James: So, if you would like to engage now during the live session or even later if you want to rebroadcast, you can see email up there, things you can catch up with this team later. Here's your options. I am really excited. This is for me, the best part I do love the survey responses and the analysis, but this is the best part because I want to hear from our panelists and get their takeaway on these things, their reaction, their perspective. Nate, Eilene, both of you are prominent and national legal media and the last slide that we just saw was an indication of what the law firms are trying to do to respond to COVID and the resources that they were putting in front of their clients or the pivots they were making to try to respond to the COVID impact. I really would like to hear from both of you. And Nate you're un-muted. So, I'll pick you to start. But I want to hear what your COVID impact experience has been from your position in this national legal media.
Nate Robson, The American Lawyer: So, we've been seeing a lot of law firms just kind of proactively reaching out to their clients, kind of talking about, "Hey, this is what you need to do or here are some of the common questions." So, the big one being like a couple of weeks ago, the act of God clauses and contracts, how would that affect you? I know Wilmer Hale is an example of that there was the force majeure. How does that actually tie to your contracts? Does COVID-19 really tie into it? Kind of speaking from another side of that too. My wife is a meeting planner, so I've had her across the table from me talking to her clients constantly about that question and hearing her talk to her company’s lawyers is about kind of, how does that tie in. A lot of them are just trying to get these common questions answered to clients out there. How is this going to affect you? How is this going to affect your business? And some of it too is trying to get out there proactively to do it instead of waiting for clients to come to them.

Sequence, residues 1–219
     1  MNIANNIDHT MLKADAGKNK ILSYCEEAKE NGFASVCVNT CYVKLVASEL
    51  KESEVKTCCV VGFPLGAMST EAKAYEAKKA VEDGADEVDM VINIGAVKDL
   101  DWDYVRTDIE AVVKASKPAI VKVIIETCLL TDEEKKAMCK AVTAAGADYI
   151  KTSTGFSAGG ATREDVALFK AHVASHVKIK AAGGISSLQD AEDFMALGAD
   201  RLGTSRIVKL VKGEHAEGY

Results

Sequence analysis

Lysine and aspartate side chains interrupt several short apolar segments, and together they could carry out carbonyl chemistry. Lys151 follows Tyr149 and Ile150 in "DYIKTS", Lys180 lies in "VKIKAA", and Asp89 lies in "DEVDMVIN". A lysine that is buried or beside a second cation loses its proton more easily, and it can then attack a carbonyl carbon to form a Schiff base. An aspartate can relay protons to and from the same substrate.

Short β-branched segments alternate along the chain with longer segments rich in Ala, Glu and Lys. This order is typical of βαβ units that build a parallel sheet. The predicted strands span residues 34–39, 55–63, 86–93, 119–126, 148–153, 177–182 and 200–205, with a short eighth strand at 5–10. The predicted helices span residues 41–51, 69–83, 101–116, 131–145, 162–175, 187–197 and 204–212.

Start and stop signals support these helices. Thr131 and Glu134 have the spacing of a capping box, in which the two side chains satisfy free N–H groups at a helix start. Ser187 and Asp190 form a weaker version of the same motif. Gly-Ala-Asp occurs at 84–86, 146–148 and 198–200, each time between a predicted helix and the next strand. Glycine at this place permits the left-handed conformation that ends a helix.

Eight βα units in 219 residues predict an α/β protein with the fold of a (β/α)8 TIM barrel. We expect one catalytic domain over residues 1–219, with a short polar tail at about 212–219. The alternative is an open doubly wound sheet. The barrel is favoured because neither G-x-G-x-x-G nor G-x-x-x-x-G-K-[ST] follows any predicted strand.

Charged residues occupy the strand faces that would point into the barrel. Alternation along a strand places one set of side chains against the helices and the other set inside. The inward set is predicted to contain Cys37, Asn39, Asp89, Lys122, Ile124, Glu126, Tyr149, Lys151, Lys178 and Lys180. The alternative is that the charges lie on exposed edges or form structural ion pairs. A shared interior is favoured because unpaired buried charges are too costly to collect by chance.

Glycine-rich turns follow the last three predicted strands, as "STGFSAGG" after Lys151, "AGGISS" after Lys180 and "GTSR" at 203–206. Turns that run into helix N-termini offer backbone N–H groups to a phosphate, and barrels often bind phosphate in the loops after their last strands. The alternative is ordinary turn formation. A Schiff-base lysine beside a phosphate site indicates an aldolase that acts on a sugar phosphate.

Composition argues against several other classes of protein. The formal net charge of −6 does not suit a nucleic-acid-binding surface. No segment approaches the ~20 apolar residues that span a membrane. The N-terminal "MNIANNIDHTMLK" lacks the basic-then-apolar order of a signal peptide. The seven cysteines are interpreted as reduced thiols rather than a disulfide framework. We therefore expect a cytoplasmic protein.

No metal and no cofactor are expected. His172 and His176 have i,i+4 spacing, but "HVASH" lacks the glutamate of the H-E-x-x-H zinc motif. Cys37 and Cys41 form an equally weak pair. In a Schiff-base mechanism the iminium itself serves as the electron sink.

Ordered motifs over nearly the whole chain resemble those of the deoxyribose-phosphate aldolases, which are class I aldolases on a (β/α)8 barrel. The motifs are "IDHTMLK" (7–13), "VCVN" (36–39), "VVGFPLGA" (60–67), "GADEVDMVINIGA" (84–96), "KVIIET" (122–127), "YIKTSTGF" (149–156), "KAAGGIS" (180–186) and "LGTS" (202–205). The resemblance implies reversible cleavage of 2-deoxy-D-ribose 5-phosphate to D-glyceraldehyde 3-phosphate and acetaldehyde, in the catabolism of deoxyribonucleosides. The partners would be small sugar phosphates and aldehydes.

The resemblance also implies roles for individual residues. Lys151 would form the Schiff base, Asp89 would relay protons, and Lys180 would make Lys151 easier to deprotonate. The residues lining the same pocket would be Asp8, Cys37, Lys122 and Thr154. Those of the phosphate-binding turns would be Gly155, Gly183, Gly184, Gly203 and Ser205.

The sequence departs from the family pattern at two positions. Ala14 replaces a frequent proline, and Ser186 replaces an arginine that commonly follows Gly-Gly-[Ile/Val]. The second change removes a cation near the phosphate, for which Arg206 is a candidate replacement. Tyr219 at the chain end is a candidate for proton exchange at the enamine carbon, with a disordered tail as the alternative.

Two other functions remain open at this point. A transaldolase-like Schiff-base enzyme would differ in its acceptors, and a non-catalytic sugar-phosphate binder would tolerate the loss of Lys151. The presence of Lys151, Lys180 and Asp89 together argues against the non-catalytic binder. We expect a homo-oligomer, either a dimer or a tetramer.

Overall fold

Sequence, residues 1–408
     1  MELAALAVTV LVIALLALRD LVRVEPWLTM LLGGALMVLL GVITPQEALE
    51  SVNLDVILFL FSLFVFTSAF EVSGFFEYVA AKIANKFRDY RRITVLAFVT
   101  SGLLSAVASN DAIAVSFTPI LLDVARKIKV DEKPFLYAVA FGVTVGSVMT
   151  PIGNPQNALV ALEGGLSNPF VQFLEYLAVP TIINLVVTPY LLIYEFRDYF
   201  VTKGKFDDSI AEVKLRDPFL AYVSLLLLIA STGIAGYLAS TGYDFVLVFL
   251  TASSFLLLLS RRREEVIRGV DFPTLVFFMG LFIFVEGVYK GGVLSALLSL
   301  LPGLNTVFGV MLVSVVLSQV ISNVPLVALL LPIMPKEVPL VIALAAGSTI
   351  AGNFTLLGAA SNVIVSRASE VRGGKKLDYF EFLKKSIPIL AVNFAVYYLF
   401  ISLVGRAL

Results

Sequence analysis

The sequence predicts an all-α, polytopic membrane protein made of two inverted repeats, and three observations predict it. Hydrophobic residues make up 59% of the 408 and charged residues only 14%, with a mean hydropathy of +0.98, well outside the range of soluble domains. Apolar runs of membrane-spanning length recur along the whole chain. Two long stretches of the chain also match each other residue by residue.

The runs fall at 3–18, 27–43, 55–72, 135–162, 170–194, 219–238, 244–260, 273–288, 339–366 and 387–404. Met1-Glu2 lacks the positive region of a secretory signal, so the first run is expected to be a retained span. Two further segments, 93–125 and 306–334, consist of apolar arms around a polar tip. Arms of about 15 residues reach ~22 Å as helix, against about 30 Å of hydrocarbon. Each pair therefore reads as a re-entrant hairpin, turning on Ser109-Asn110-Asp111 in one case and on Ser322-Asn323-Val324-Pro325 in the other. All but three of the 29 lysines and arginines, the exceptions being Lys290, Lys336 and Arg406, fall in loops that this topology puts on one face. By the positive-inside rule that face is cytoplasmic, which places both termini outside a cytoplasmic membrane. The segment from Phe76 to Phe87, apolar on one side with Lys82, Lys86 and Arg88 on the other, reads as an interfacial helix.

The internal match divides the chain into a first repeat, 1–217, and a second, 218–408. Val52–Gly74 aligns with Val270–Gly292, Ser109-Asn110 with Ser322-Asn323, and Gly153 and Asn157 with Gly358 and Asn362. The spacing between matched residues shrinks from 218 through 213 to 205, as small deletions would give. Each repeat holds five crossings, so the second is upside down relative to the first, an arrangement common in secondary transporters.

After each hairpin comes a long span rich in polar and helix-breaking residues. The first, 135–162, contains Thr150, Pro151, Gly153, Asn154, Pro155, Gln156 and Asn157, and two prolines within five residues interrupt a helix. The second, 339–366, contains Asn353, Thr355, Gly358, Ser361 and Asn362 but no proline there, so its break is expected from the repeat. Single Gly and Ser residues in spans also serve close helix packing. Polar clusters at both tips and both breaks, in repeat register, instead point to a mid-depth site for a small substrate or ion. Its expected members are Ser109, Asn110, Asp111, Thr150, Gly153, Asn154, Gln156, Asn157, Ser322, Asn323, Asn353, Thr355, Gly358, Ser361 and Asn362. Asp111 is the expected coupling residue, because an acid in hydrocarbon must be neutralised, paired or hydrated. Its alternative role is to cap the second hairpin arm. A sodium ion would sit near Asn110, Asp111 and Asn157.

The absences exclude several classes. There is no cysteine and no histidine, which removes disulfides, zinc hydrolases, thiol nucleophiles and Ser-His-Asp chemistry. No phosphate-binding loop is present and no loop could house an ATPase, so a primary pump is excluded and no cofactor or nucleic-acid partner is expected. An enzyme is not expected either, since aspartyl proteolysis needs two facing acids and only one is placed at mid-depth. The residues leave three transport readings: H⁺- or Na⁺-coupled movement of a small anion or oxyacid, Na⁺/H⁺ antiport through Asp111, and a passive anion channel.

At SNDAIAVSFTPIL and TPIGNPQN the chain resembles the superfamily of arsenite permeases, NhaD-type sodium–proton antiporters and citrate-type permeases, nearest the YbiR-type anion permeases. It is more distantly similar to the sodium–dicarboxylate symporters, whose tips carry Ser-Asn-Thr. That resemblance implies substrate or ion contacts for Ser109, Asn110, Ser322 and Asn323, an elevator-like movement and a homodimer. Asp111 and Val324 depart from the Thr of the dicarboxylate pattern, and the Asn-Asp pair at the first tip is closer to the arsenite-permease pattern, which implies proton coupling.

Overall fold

Eilene Spear, The National Law Review: Yeah, definitely. Ditto. I'm seeing a lot from the law firms we work with that are putting out lots of client alerts and blog posts about not only the force majeure and some of those business interruption clauses, but talking about employment compliance concerns and looking at their legislation and the various executive orders coming out of Washington and what companies need to do. And even on a city by city basis, we are seeing articles coming out of the Georgia reopening versus California and all of their local ordinances. So just a lot of firms trying to provide their clients with the information they need to be in compliance with all of these new regulations. And then also some analysis about how to maybe avoid problems down the road.
Eilene: Some of that complex litigation that people are anticipating, I'm seeing a lot of that too. The first step to avoiding it is to be in compliance and that kind of thing. So I've seen an increase in webinars, which I think the law firms are doing a lot more webinars to try to keep that connection and be top of mind with their clients and to provide the solutions to these questions that people are just, we're in uncharted ground and people are really looking for answers.
James: I would agree with that. And one of the funny things I saw maybe a month ago is that one of the Walmart EVPs was talking about what they were selling. They were selling 600% more tops for clothes than bottoms because of all the Zoom conferencing. We're getting a little feedback, so I don't know if that's me or others. Ty, I'm going to pivot to you here for a minute because we had mentioned provisions and the force majeure. We also know that you can't shake a stick or swing a stick around and not hear someone talking about business interruption or business disruption insurance and things like that. And what does it mean now and how does this apply in a pandemic scenario. Love to hear your take on the presentation and what you just saw.